However, even in the absence of either TTTS or single intrauterine fetal death, neuromorbidity is increased in (preterm) MC twins compared with DC twins.26 Multiple vascular anastomoses may indeed cause transitory cardiovascular imbalance, severe enough to decrease brain perfusion and to cause cerebral lesions without resulting in an IUD or clinically evident TTTS.27 We did not assess long-term neurological outcome, but we found a trend towards higher neonatal neuromorbidity in MC twins compared with DC twins. Overall, perinatal morbidity was higher in the MC twins in our study. However, this was largely explained by differences in age and weight at delivery. After adjustment for these differences, only the occurrence of NEC remained significantly (four times) increased in MC twins compared with DC twins. To our knowledge, this has not been described before. Histopathological changes that occur in NEC, such as mucosa oedema, haemorrhage and necrosis, are most often found in the watershed areas between the superior and inferior mesenteric artery, at the level of ileum and proximal colon, which strongly suggests ischaemic injury.28 It is tempting to speculate that in MC twin pregnancies, this ischaemic injury is a consequence of episodes of hypovolaemia that may occur due to imbalanced vascular anastomoses in the placenta.
Our and previous findings raise the question as to when to deliver the MC twin. The increased mortality (even at term), the failure to predict and prevent all cases of excess IUD by current antenatal care and the increased risk of (neuro) morbidity warrant planned delivery in the early term period or even in the late preterm period. Our study suggests that the optimal time of delivery is 36 weeks of gestation. Barigye et al.9 suggested an even earlier delivery (34–35 weeks), given the earlier occurrence of IUDs in their study. On the basis of our study and that of Barigye et al.,9 it seems likely that about one-third of the intrauterine demise may be prevented when delivery takes place before 37 weeks. Such an early delivery is also suggested by the recent small population of Cordero et al.,15 who found no fetal deaths in deliveries between 34 and 37 weeks. However, such advantages of early delivery have to be weighed against the risks of iatrogenic prematurity. RDS, for instance, has an almost three times higher incidence in the late preterm period compared with the term period.29 Therefore, amniocentesis to determine fetal lung maturation and/or administration of corticosteroids may well precede such an early delivery. Earlier observational studies have suggested a more conservative approach, that is planned delivery at 37–39 weeks of gestation.10,30–35 These studies were smaller than ours and used various endpoints (from morbidity to IUD and neonatal mortality). We acknowledge that there is a need for randomised data to determine the best strategy with respect to the delivery of MC twins. A randomised trial should also address (intensity of) fetal surveillance and include sufficient sample size to use IUD and neurological injury as endpoints. Such a trial, however, will be very hard if not impossible to accomplish. There is currently only one small randomised trial comparing elective induction of labour at 37 weeks of gestation and continued expectant management in uncomplicated twin pregnancies. In that study, no statistical differences in outcome were found.36 However, the study was underpowered, and no distinction was made between MC and DC twins. Currently, a randomised trial assessing the optimal time for delivery of term twins is conducted in South Australia.12 As an alternative, IUD in MC twins might be prevented by very intensive monitoring, as was described by Simoes et al.14 Elective delivery of uncomplicated DC twin pregnancies at 36–37 weeks of gestation does not seem to improve the outcome of these infants.11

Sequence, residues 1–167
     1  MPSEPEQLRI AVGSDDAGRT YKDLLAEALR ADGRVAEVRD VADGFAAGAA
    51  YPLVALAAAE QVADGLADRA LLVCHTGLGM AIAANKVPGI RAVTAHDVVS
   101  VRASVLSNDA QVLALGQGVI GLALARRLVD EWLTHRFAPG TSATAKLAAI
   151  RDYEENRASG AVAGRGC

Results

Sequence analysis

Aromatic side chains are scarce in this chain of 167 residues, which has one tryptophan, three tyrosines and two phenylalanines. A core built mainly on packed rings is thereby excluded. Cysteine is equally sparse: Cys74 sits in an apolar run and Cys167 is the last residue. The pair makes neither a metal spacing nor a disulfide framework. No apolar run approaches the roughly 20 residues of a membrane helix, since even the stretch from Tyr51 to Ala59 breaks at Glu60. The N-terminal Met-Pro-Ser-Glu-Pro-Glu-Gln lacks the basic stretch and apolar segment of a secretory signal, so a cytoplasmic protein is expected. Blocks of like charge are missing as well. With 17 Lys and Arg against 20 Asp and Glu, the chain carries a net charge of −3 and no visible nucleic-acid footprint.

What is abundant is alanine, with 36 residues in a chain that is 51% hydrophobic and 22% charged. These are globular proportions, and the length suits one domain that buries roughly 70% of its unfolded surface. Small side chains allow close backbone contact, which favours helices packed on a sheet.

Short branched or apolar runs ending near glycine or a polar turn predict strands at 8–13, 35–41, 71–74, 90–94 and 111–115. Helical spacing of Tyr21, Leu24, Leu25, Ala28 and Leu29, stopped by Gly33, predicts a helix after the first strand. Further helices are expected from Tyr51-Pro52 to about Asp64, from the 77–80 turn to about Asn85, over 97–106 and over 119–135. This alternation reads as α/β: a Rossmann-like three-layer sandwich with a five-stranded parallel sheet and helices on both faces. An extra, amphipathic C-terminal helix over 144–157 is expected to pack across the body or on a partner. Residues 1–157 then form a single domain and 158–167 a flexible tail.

In conclusion, MC twins with their single placenta and vascular anastomoses still pose unique problems. Compared with DC twins, they are at increased risk for perinatal death, NEC and neurological injury. Current antenatal surveillance is insufficient to identify the cases at risk for adverse outcome. This severely hampers safe management of the MC twin in utero. The best strategy is unclear at present. Awaiting randomised data, we and others recommend planned delivery at 36 weeks of gestation.